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House passes faculty bargaining bill with bipartisan vote; Senate next?

02/07/2018
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Jared Kink, Justin Fox-Bailey, Mike Sells
Rep. Mike Sells (right) is the prime sponsor of the faculty bargaining bill that passed the House Feb. 7.

Late Wednesday afternoon, the state House approved a bill granting equal collective bargaining rights for community and technical college faculty – a major WEA Unity Agenda priority.

Sponsored by retired teacher and union leader Rep. Mike Sells, House Bill 1237 allows faculty to negotiate pay raises with local funds. This legislation is about a fundamental union right – and it’s a matter of fairness. Community and technical college faculty are the only public education employees in the state who who are currently barred from negotiating local pay raises.

The House vote was 57-41, with seven Republicans joining all House Democrats in supporting the bill.

A Senate version of the bill is likely to be scheduled for a vote soon.

Retirement bills survive deadline, but need work

Health care costs are increasing for everyone – but imagine if you’re a retired educator who hasn’t received a COLA in nearly a decade.

That’s the reality thousands of WEA-Retired members in Plan 1 are facing, which is why retirement security for retired educators is a key part of WEA’s Unity Agenda.

Our agenda calls on the Legislature to approve COLAs for Plan 1 retirees and to increase health care funding for Medicare-eligible retired educators. After serving students for 30-plus years and dedicating their careers to public schools, retired educators deserve security. Improvements in retirement benefits also are needed to keep qualified, committed school employees in the education profession.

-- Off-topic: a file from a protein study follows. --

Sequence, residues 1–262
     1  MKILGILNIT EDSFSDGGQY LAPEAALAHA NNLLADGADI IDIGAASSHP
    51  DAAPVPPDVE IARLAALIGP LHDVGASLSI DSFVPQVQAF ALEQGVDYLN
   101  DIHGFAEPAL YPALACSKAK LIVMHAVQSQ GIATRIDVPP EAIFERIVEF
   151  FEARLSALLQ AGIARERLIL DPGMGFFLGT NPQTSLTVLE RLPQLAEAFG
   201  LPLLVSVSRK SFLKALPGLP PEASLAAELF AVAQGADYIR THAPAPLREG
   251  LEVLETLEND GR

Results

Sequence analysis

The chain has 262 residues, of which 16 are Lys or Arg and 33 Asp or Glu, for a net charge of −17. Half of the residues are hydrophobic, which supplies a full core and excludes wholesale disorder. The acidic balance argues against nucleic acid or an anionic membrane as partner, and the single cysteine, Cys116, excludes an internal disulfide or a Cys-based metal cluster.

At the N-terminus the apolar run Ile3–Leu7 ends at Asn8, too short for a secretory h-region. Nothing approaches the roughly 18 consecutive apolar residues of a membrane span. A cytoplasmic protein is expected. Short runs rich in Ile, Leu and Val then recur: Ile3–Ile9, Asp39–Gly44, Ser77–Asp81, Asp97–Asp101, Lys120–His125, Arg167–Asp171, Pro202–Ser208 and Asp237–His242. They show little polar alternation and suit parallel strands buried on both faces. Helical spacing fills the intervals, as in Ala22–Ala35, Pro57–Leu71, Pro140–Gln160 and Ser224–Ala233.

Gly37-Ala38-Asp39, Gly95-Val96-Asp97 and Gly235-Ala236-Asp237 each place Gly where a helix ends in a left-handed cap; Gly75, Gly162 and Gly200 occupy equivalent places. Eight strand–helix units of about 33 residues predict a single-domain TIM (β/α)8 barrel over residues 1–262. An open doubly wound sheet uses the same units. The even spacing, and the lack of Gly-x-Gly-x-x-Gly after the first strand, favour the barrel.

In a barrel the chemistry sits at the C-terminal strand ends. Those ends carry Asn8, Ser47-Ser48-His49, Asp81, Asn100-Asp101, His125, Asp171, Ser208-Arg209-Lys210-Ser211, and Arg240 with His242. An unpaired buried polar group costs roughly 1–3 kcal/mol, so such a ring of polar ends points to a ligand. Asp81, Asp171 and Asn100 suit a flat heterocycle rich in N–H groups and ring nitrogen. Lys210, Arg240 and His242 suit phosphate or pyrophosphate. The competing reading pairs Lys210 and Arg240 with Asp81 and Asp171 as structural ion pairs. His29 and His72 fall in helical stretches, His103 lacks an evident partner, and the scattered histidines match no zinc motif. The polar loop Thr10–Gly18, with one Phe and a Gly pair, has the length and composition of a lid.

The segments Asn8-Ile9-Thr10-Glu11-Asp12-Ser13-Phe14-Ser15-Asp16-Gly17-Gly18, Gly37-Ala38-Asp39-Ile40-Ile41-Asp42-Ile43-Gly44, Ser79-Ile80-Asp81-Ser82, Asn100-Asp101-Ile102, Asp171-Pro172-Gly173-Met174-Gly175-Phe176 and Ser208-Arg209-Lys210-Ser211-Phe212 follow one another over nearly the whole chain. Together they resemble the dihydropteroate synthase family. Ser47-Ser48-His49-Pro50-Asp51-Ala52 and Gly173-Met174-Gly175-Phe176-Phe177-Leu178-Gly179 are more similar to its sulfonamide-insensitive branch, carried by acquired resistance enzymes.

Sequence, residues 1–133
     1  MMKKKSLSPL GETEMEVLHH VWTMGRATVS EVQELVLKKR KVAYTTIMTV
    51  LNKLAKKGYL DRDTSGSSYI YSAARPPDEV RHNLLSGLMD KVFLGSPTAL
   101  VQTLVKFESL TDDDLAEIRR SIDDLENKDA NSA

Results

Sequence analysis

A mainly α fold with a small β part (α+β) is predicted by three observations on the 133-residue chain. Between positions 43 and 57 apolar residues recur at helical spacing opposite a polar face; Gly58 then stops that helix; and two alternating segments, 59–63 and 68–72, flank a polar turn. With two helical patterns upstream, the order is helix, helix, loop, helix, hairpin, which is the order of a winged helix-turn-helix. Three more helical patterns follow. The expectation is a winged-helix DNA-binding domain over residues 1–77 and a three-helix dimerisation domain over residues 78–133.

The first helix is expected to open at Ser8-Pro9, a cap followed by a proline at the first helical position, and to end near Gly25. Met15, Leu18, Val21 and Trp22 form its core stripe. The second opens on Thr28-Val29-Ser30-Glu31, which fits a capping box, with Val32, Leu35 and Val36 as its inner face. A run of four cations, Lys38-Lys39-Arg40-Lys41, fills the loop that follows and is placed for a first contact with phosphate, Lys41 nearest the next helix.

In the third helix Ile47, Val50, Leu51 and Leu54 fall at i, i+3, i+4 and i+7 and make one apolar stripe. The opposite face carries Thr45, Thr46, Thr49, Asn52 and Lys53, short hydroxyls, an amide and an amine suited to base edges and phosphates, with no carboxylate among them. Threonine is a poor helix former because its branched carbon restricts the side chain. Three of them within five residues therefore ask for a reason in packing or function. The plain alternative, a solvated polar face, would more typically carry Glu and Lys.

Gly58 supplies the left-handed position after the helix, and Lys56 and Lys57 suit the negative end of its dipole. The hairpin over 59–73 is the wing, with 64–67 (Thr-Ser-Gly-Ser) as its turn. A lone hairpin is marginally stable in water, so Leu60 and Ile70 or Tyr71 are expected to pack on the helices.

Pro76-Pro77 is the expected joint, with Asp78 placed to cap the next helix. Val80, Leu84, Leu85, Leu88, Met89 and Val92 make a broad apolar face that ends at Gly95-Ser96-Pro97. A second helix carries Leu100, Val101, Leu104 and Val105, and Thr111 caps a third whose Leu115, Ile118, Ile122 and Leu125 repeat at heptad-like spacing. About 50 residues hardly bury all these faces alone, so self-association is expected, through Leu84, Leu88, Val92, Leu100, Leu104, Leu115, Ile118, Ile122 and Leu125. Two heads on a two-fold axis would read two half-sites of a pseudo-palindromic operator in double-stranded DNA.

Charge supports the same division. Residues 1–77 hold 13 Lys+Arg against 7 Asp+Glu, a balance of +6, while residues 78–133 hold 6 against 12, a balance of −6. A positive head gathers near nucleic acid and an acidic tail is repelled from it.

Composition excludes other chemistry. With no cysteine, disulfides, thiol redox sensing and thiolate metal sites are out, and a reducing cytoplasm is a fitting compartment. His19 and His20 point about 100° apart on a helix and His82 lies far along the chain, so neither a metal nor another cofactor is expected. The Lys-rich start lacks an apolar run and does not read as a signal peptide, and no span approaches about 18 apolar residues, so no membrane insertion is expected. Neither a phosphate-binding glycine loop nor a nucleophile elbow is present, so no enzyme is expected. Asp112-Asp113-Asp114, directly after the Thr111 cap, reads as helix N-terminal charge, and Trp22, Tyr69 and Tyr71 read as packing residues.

On Feb. 6, a key deadline for legislation, the Senate Ways and Means Committee approved a bill that funds a 2 percent COLA on the first $25,000 of a pension for Plan 1 retirees.

The House Appropriations Committee also passed a bill that says the Legislature intends to fund an increase to the minimum benefit for Plan 1 retirees. 

Now, the bills could be scheduled for a vote in the full Senate and House, respectively. These bills represent progress, but they do not go far enough in meeting the needs of Plan 1 retirees, who have not received a cost of living adjustment since 2010. The bills also don’t increase funding for retiree health benefits, although the final supplemental budget could.

McCleary 'fix' bill moves forward

A key K-12 education funding bill also survived the Feb. 6 deadline, but it still falls short on several important WEA priorities.

Second Substitute Senate Bill 6362 makes changes to last year’s McCleary funding plan, such as increasing state funding for special education. But it fails to raise local levy capacity, which is needed to meet local student needs, and it does not address the salary funding needs of districts whose teachers have above-average experience and education.

And in another major shortcoming, 2SSB 6362 does nothing to comply with the Washington Supreme Court’s recent order to significantly increase funding for K-12 salaries this year.

This bill is still a work in progress and is expected to undergo changes before it is voted off the Senate floor next week and sent over to the House. WEA members urge legislators to make further improvements to this bill to address the identified funding needs.

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